WELCOME SATISFACTION FANS!
We’re so happy you could come for a tour of our Sysudoku resolution factory, where we manufacture solution traces and diagrams for the toughest Sudoku puzzles in the world. We’re standing now at our box marking line . Down there is our puzzle loading bay.
We’re starting the tour by walking through a Sysudoku box marking of your 4-1 example puzzle, looking at both grids and traces. Box marking “flow” is by increasing number, so here we’re missing Satisfaction’s 9 run and resulting 1 run, but on completing the 4’s, we are making progress, with “uno”s and “slots” on the grid.
Actually the pencil marks are not exactly slots. Most are aligned strong links defined by boxes.
Candidates of a number in a unit form a strong link when there are exactly two of them in the unit. If one is found to be false, the other must be true. That’s the logical definition of a strong link. Like Rick, Sysudoku uses selfie names for important concepts. To us, strong links are slinks.
We also mark triple candidates in a slot as in Box 6. I should tell you, to us, Box 6 is the East box, or E. Boxes are named for compass points, with C in the center. So E appears in traces, not MB RT (Middle Band, Right Tier), or B6.
Now let’s look at the corresponding box marking trace. This is how it starts:
The trace has a list of marking effects for each number. I know you’re used to scanning combined effects of numbers, one box at a time. We look for “lacing” effects of clues and slinks on all boxes, for one number at a time. When they sweep into boxes along a bank or tier, we call it a double line exclusion, or dublex. When they come from two directions, it’s a crosshatch. But we seldom use these terms. Here’s why:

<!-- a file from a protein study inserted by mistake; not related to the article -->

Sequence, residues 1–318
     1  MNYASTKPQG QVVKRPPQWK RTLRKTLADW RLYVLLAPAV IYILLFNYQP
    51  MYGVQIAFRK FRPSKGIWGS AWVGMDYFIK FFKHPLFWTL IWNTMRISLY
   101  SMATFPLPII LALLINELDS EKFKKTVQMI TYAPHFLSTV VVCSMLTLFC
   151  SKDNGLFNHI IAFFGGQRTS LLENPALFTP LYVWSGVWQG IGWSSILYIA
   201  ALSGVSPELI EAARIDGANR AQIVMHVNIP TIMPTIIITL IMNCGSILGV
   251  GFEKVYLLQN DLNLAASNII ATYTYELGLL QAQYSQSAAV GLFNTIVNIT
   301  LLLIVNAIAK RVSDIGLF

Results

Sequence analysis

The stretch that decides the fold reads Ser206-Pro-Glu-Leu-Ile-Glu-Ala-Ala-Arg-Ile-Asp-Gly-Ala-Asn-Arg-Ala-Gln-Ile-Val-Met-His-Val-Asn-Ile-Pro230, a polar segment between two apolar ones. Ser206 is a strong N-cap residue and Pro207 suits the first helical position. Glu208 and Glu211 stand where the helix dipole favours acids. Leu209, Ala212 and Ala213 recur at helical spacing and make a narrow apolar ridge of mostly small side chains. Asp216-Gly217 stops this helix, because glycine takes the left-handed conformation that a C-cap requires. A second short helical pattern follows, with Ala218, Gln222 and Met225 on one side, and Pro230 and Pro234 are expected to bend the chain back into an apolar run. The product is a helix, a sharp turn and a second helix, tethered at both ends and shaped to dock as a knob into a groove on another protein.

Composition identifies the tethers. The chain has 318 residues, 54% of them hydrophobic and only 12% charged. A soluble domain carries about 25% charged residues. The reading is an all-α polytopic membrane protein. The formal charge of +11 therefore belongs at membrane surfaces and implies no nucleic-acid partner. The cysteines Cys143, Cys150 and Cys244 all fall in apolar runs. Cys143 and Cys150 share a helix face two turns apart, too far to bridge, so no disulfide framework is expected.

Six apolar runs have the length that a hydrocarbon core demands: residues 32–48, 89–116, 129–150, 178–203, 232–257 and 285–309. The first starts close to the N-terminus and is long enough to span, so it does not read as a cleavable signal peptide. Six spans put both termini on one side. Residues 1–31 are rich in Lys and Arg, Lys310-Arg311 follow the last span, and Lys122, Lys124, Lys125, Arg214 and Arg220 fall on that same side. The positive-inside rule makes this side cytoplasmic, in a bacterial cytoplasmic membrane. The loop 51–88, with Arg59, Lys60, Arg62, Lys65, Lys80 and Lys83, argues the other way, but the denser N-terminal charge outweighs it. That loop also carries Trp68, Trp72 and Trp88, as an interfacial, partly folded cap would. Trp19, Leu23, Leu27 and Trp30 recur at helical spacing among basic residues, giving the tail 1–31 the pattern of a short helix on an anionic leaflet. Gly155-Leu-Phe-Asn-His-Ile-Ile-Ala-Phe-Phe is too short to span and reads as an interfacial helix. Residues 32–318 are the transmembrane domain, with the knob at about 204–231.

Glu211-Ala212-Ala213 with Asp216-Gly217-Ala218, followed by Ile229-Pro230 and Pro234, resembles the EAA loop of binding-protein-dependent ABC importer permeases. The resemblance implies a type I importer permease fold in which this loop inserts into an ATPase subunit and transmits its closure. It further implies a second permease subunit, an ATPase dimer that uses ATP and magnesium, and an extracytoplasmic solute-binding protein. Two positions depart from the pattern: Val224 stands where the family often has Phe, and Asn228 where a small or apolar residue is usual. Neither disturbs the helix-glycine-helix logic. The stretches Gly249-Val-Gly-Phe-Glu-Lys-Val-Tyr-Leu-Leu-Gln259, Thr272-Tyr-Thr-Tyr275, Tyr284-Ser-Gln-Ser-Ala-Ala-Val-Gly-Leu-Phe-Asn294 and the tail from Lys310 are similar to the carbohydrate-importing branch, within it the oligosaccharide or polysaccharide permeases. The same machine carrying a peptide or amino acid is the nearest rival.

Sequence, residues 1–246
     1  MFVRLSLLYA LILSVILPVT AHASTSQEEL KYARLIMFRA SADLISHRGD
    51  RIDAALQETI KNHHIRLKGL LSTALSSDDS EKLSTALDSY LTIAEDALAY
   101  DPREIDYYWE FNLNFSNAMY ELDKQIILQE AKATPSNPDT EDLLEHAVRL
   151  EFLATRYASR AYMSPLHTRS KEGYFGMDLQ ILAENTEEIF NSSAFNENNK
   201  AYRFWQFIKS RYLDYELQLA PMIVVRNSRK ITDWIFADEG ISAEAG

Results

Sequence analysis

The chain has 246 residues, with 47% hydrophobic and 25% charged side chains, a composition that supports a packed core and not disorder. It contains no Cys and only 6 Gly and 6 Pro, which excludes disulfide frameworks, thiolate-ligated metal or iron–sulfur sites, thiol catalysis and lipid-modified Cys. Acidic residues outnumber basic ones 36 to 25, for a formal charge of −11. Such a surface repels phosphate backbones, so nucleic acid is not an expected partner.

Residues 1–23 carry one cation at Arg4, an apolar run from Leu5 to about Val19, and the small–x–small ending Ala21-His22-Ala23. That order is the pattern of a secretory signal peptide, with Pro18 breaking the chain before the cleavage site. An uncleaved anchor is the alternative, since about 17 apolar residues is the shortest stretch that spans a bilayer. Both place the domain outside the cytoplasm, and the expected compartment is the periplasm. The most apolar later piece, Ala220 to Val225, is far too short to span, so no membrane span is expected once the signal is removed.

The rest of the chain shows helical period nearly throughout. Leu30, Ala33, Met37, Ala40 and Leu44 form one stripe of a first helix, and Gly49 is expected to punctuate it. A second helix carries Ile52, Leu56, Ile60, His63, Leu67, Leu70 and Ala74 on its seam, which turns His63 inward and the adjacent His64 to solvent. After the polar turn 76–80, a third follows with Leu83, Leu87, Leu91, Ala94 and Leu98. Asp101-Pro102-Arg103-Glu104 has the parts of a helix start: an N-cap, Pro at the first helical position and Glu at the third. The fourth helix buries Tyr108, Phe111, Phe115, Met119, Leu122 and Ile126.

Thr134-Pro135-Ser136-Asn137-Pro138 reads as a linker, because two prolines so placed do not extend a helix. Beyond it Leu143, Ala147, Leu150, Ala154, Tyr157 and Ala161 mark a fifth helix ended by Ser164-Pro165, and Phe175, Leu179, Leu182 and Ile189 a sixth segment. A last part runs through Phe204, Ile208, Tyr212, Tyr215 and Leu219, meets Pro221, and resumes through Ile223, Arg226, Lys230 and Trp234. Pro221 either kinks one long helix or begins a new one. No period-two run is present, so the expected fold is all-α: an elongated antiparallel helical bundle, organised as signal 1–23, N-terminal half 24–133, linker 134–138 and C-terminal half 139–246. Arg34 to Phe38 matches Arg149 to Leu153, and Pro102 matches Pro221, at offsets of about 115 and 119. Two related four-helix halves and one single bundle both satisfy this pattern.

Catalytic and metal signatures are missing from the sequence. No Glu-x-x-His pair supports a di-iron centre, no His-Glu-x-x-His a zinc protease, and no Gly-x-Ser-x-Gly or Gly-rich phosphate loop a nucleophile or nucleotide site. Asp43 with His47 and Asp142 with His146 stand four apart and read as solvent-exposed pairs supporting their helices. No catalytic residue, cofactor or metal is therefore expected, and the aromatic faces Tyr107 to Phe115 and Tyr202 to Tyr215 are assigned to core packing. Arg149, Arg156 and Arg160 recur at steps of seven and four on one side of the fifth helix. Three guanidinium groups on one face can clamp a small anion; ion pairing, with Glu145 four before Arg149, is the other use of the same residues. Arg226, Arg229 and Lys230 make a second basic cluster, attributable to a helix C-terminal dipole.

In Sysudoku traces, every effect is shown, so we must be brief. Compared to Satisfaction, we save tons of space by reporting the “what”, but not the “why”. In Sysudoku basic, the “why” is supplied by the reader. They know, but don’t particularly care, whether it’s a dublex or a crosshatch.
Each effect depends on the state of the grid at that moment, so looking at the grid above, you need to know the state it was in as you read every effect. For that reason, you read a trace by starting with the grid of givens, and filling it out as you read. Also, the trace leaves the exact cell (square) of the box unspecified. Of course, you have to know some simple abbreviations as well. The “m” stands for slink “marks”, “t” is “triple”, “np” is “naked pair” (twin pair). A number alone marks a “uno”. The “m” with no number means it’s the list number.